A critical fact to consider establishing the canon of the New Testament is the historical acceptance of apostolicity. Apostolicity has always been a crucial factor in past rulings of doctrine, but should we still consider this a legitimate criterion? The answer in modern interpretations is no since divine inspiration and relevance to Scripture have been prioritized. But this demonstrates that the church does consider its effect on congregations when establishing canon. Evaluating the impact on congregations can partially account for different denominations, including apocryphal books. Currently, books in the Septuagint and the Latin Vulgate but not in the Hebrew Bible are apocryphal according to the polemics of each denomination.[35]

Inspired status was not only claimed by the book of Revelation as in Rev. 22:18-19. We also see a claim for inspiration in John 20:30-31 and Paul in 1 Cor. 7:40. In the fourth century, the first distribution of a single volume of the Bible was possible. The printing of books acted as a powerful catalyst for the distribution of the Bible in a single volume.

 Analysis of the History of Canonical Books

In the history of the New Testament canon, In AD 350, Cyril of Jerusalem acknowledged twenty-seven books, but they are not the same group as we have now. Cyril was the only one to recognize the Gospel of Thomas as canonical while also not acknowledging the book of Revelation.[36] The Gospels and the Pauline letters found acceptance as closed collections even in the early church. The first set of closed lists of books is to have started with Eusebius soon after these lists appeared in the East and West.

It was also critical to document the policy of the growing church as it expanded into new territories, necessitating the recording of the early Christian tenets.[37] An example of this policy is in the Pauline letters. Even Paul could not personally visit all the saints in all the churches. Old Testament evidence for an established canon is found as far back as Sirach. Regarding the testimony of Jesus Ben Sirach from 200-180 BCE in Jerusalem.[38]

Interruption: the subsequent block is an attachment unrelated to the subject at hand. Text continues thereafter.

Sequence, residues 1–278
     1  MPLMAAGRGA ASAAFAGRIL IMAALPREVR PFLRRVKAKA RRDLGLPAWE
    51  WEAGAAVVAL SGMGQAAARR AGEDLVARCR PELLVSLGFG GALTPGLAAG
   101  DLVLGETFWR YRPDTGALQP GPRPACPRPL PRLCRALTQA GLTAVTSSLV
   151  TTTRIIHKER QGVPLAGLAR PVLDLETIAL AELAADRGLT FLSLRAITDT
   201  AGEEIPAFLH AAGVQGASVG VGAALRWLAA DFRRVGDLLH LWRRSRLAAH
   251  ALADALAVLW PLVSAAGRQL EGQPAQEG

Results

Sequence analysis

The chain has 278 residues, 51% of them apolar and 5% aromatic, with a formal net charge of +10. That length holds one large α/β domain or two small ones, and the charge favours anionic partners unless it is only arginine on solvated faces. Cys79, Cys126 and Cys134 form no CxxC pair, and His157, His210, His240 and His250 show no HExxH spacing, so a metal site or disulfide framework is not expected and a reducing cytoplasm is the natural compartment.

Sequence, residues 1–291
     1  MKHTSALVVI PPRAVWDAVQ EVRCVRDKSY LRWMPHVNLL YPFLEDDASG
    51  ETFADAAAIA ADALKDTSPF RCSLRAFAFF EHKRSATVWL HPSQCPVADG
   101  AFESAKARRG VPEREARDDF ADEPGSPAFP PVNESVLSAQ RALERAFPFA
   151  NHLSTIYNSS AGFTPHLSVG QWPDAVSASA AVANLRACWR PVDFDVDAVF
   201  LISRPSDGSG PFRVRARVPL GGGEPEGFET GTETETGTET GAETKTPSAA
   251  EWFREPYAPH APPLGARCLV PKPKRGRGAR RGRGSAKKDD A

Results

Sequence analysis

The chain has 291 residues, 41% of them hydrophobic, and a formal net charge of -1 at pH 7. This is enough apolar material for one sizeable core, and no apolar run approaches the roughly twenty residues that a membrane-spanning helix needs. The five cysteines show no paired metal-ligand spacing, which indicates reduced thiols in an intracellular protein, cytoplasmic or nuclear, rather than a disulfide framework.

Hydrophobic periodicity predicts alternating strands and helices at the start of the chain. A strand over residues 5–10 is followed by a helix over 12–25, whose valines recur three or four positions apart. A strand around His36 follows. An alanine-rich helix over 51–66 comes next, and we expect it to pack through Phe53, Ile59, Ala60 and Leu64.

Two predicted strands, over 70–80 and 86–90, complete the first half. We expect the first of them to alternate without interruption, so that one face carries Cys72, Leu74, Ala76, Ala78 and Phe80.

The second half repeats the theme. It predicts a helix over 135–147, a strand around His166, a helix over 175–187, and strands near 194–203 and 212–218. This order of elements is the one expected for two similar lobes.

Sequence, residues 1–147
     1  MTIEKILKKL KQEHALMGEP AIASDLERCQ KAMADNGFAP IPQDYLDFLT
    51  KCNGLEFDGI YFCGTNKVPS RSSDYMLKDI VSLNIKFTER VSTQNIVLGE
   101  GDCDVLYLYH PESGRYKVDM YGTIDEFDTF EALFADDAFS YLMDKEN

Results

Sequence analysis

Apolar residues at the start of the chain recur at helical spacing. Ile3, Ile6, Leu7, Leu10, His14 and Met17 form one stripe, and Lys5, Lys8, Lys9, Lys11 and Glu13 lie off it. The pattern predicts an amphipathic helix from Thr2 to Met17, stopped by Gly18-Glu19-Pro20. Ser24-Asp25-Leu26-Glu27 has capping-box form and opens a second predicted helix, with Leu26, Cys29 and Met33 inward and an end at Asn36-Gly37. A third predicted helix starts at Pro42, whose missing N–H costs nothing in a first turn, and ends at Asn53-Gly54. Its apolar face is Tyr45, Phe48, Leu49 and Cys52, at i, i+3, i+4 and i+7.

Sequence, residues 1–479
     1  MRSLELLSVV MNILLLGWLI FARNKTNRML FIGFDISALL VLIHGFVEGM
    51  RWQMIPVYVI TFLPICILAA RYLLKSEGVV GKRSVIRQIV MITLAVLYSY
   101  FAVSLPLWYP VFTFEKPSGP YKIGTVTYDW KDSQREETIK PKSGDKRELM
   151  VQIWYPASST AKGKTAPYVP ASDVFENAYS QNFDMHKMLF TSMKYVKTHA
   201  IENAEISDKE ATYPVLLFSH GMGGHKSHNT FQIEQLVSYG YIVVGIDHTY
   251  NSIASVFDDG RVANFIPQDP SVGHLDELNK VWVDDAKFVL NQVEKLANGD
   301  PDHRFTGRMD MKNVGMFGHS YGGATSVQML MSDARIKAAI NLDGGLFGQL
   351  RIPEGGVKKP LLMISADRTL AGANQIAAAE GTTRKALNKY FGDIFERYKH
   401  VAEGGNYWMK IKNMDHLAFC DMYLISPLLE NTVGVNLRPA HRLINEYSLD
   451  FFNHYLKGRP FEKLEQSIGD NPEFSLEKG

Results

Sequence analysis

The Negative Responses in the Reception of the Canon

Eusebius questioned certain books such as James, Jude, 2 Peter, and 2,3 John as to their authorship. Even today, many of the early texts find scrutiny on their canonical status where questions of writing style exist. One standard theory is scribes or assistants’ use in dictation and literary liberties with the specific words used. The Carthage Synod of AD 397 accepted only twenty-six books, also doubting John’s authoring of Revelation. When the Synod met again in AD 419, they reconsidered and included Revelation.

There is further evidence of the ongoing process and careful evaluation of the canonical books. By default, the exclusion of new books was the default policy until they could be determined to be authentic and authoritative. There was doubt that the book of Hebrews was Pauline, with many early church fathers accepting the fact while the African Canon rejected Hebrews.

The book of Thomas stands unique in the history of the canon. While accepted by some early scholars, the book of Thomas is primarily Gnostic. Gnosticism is a heresy in which all of God’s physical creation is regarded as evil. The book of Thomas does not presuppose the Hebrew scriptures or the Gospels. In addition, the book appears in the second century, too long after the Gospels, and without an apostolic witness.[39] The book of Thomas does not meet any of the criteria for inclusion in the canon.

Despite the efforts of early councils to agree on a biblical canon, the acceptance of their churches on their authority lagged or was not known. The lack of acceptance regarding council decisions is due to the early church’s lack of doctrine and boundary definitions.[40]

The Apocrypha’s Relationship to the Bible

There were many more books in antiquity than are included in our modern bibles. The Apocrypha was a large corpus of works whose contents were determined by the books a local congregation possessed. McDonald offers that the study of apocryphal and pseudepigraphal texts can offer insights into the faith and practices of the early church.[41] Careful research and consideration can reveal unique insights into the teachings of Christ. While these books remain noncanonical, they still can be a valuable resource.

The Historical Context of the Extant Biblical Books

The book of Revelation stands out as one whose canonicity received doubt. Initially, church leaders doubted the authorship of John. Revelation remains distinct as being the only book that claims itself as a revelation from God.[42] Even the Gospels did not contain a self-reference for their recognition as divinely inspired.